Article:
Eight Ways Fairfax County Public Schools Violated Students’ Civil Rights and Endangered Students in the Past School Year
2021-2022 was a terrible school year for civil rights in Fairfax County Public Schools, especially for survivors of sexual misconduct and disabled students. To culminate the end of the school year, Shatter the Silence FCPS compiled a list of eight of the most egregious civil rights violations by Fairfax County Public Schools, along with a few dishonorable mentions. Here are the worst:
1. Asking the Supreme Court to Enshrine a “One Free Rape Rule” for Student-on-Student Sexual Abuse
In February, Fairfax County Public Schools asked the United States Supreme Court to dramatically re-interpret Title IX in a way that endangers students and teachers alike. In rejecting FCPS’ argument twice, a federal appeals court explained that FCPS is asking for schools to get “one free rape” before being held accountable for sexual misconduct.
Title IX is the law that protects students and teachers from sexual harassment, abuse, and gender discrimination in the classroom. We explain the facts and the implications of the case here. In summary, if FCPS wins its appeal, it will gut a crucial civil rights law that protects students and educators across the country.
When the public found out about FCPS’s “One Free Rape” appeal, the public was justifiably outraged. Students at no less than seven schools walked out in protest. 22,000 citizens signed our petition asking FCPS to withdraw the appeal.
Despite this, not a single school board member even questioned the appeal. Instead, FCPS lied to the public claiming that the appeal was to protect educators, which makes no sense, since Title IX also protects educators as well as students.
Currently, the Supreme Court has not indicated whether it will accept FCPS’ petition. However, if FCPS wins, as Public Justice attorney Alexandra Brodsky stated, “Fairfax" will become synonymous with the destruction of Title IX's protections for student survivors.”
2. Arguing that Sex-Abuse Survivors Cannot Use Pseudonyms in Litigation
“One Free Rape” wasn’t the only way FCPS spent taxpayer money shredding the rights of sexual abuse survivors. This past year, it argued to a federal appeals court that a survivor couldn’t use a pseudonym because of the possibility that the survivor was a “phantom person.”
A little context is needed to understand this story. A former Rachel Carson Middle School student alleged that when she was 12-years-old and in the seventh grade, she was brutally sexually abused and tortured, multiple times by a group of males, over the course of a few months, resulting in horrific injuries. Making matters worse, she claims she told school officials numerous times she was being sexually harassed and hurt. Rather than engaging in a good faith investigation and helping her, the school tried to cover-up the abuse. The student, represented by the National Women’s Law Center, filed a complaint with the US Department of Education, who did a two year investigation that found “concerns with the adequacy of the Division’s investigation, its analysis of the information collected, and the Division’s apparent treatment of the incidents of alleged harassment as discrete, isolated occurrences rather than addressing the broader issue of a potentially hostile environment at the School.”
In 2019, this same student filed a private law suit against the school board. Yet despite all this history noted in the lawsuit, the school board claimed that she was a phantom, and that therefore, she didn’t have “standing” to sue. Fortunately, a federal appeals court saw through this, explaining that the victim was indeed a “real person” and denied FCPS’ appeal.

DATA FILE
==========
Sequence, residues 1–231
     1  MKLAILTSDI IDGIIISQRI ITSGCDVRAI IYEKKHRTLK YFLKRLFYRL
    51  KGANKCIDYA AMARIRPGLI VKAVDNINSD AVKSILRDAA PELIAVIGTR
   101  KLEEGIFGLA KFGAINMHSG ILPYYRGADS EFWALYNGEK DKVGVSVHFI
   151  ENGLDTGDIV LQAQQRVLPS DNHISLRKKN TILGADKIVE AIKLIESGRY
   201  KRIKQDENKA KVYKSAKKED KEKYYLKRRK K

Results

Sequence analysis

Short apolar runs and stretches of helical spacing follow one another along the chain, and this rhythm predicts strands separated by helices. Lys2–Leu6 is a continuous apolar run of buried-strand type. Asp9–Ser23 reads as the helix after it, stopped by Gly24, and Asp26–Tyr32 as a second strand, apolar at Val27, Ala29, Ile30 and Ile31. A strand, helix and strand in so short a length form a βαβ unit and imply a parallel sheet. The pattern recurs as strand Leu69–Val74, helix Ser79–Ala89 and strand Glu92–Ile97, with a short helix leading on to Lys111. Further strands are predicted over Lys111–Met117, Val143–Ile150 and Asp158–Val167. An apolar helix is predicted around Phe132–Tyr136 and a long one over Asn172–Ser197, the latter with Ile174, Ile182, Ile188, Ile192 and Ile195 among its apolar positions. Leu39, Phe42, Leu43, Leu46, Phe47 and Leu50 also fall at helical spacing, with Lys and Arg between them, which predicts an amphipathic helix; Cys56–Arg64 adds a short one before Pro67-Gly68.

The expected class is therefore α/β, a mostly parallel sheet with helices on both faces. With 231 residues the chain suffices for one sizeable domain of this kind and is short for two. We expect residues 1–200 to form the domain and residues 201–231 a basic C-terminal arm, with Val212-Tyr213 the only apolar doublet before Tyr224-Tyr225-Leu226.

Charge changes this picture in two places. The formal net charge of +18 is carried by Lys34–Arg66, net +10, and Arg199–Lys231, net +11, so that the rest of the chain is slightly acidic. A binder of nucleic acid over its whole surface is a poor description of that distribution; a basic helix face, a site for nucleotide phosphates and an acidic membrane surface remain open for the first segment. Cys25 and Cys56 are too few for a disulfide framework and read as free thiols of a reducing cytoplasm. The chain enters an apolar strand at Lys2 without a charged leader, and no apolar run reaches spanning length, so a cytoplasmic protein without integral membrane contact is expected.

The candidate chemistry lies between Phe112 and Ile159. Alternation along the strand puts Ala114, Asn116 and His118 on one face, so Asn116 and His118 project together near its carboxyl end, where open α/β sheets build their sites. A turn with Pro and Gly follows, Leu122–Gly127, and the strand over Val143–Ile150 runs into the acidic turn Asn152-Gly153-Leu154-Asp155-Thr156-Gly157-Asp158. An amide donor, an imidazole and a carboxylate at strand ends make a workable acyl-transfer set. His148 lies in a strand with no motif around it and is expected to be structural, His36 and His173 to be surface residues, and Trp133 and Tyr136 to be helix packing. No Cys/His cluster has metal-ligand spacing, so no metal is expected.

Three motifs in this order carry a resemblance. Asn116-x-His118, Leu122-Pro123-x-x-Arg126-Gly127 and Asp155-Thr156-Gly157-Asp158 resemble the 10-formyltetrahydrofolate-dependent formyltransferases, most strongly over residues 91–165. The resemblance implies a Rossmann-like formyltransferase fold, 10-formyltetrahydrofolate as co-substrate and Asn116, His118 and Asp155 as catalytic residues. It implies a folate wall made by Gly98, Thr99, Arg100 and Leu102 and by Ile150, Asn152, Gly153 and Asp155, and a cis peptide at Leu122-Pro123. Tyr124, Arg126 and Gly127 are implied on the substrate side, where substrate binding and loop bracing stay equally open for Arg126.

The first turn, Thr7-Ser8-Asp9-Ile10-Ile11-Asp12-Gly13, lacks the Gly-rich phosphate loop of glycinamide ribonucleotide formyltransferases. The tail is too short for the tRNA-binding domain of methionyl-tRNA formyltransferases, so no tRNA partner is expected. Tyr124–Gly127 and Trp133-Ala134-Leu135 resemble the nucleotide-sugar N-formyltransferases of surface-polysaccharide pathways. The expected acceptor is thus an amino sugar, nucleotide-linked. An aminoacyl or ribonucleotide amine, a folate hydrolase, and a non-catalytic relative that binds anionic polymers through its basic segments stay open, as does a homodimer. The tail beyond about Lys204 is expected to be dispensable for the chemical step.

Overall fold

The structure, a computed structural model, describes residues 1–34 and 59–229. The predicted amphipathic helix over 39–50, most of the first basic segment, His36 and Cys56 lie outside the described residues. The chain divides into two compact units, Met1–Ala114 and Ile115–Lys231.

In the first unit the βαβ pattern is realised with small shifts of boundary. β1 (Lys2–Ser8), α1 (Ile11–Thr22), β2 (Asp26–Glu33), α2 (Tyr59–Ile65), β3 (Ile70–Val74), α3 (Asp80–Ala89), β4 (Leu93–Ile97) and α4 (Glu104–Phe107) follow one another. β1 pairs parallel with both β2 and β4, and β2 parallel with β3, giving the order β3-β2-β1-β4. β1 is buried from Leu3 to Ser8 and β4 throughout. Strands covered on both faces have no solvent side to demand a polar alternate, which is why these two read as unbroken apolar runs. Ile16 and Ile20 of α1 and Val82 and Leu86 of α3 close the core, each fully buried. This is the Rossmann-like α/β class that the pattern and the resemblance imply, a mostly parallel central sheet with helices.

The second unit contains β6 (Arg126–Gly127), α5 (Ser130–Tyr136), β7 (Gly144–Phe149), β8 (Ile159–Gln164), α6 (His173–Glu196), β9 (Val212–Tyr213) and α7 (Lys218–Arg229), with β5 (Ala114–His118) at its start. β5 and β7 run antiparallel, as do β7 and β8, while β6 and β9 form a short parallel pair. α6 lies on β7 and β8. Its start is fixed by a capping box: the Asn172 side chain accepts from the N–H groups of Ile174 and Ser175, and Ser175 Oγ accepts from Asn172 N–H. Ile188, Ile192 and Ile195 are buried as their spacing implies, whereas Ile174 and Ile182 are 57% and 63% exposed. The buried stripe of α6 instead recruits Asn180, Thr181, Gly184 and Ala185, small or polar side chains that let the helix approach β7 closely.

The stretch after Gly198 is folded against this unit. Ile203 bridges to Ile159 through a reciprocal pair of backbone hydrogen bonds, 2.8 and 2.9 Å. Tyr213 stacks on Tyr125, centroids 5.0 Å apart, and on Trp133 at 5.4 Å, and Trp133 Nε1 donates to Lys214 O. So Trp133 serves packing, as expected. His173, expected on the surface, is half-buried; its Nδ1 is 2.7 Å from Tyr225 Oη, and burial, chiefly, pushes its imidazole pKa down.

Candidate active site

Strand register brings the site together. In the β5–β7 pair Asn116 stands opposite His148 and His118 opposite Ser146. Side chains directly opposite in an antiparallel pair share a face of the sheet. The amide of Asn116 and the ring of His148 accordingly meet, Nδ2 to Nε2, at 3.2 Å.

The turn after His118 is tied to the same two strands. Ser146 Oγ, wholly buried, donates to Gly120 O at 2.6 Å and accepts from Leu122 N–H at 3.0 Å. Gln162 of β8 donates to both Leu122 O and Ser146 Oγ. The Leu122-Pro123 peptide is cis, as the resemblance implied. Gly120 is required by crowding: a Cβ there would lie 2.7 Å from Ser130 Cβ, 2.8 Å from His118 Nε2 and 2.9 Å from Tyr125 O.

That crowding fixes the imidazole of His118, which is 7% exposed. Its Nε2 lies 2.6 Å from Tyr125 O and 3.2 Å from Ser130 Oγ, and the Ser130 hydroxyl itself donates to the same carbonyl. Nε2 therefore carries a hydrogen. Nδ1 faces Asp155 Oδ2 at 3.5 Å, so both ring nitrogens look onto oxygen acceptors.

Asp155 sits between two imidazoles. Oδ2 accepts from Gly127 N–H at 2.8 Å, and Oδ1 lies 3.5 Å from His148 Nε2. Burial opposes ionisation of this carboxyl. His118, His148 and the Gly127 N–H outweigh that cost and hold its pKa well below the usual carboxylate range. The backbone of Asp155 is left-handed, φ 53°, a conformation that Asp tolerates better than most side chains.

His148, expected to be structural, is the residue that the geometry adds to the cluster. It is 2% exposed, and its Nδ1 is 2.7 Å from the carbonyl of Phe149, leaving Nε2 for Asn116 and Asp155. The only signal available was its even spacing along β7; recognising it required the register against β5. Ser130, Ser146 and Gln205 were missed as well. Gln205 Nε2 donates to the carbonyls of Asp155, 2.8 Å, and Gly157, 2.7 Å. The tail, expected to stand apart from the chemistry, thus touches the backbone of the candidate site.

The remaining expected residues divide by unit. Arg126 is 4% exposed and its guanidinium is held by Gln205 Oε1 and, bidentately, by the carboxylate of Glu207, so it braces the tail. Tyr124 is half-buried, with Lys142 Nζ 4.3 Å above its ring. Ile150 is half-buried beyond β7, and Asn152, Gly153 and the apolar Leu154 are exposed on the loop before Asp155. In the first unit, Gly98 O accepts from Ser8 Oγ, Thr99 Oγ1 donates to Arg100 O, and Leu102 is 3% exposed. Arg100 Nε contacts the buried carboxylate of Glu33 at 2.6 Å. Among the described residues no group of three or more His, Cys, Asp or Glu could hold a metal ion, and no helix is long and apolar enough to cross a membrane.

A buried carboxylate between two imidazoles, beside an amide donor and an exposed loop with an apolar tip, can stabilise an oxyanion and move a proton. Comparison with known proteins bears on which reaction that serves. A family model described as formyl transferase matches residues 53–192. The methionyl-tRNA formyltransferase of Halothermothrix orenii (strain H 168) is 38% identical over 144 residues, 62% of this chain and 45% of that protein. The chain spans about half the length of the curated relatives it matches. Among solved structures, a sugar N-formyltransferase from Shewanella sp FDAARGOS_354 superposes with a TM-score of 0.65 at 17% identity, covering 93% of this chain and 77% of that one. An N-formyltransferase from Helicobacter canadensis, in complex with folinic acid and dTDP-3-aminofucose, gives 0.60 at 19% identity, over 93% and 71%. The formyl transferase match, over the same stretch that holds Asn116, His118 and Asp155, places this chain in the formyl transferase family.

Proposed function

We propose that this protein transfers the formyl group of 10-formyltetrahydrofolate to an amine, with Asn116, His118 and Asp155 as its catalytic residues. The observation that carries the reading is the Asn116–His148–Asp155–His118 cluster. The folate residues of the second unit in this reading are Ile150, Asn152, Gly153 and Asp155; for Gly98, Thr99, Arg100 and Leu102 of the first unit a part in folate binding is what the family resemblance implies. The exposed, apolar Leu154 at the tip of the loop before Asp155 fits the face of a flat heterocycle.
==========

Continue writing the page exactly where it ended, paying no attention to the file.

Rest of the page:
Still, this only happened after 51 organizations wrote to the court in support. Had FCPS won, many survivors would have to choose between having their sexual abuse litigated in the public record, easily searchable on Google, or having to forego justice.
3. Chaining Disabled Students and Lying About It
For years, FCPS promised the federal government that it never handcuffed or restrained disabled students. It also claimed it never locked disabled students in rooms, closets, cages, or other confinements. This past school year, we learned that this too, was a lie.
Multiple disabled students sued FCPS, claiming that the district chained them and locked them in rooms alone. One autistic student was locked in rooms and handcuffed hundreds of times, being forced to defecate and urinate on himself as he cried in agony. At the same time, FCPS signed sworn statements to the US Department of Education that said there were zero actions of restraint and seclusions.
Despite these horrific allegations, FCPS claimed that the students suffered no legal injuries. After federal judge Rossie Alston rejected this argument, FCPS scrambled to settle the lawsuit before discovery. However, despite agreeing to new policies and trainings, educators and nonprofits already express concern about the adequacy of the training and whether FCPS will actually follow these new policies.
4. Leaking Survivors’ Confidential Information and Then Filing a SLAAP Suit Against Activists
After FCPS denied disability accommodations for a couple of its students, their parents, Debra Tisler and Callie Oettinger, filed a records request to learn why Fairfax spends millions of taxpayer dollars on litigation attorneys each year but can’t provide basic disability accommodations to their students. As part of this records request, FCPS leaked thousands of confidential, unredacted documents. These included sensitive information from the sexual abuse and the chaining of disabled student cases above.
Rather than working with the parents making the records request in good faith to redact the documents, FCPS, through its lawyer Ryan Bates of Hunton Andrews, filed a frivolous lawsuit to intimidate and silence the activists.
A judge rejected FCPS’ lawsuit and explained that Bates asked for the “broadest” unconstitutional restraint on speech you could get. Before dismissing the lawsuit, Judge Gardiner called Bates’ arguments “almost frivolous.” FCPS then voluntarily dismissed the suit before the parents filed a counter-suit. All of this cost taxpayers at least $115,000.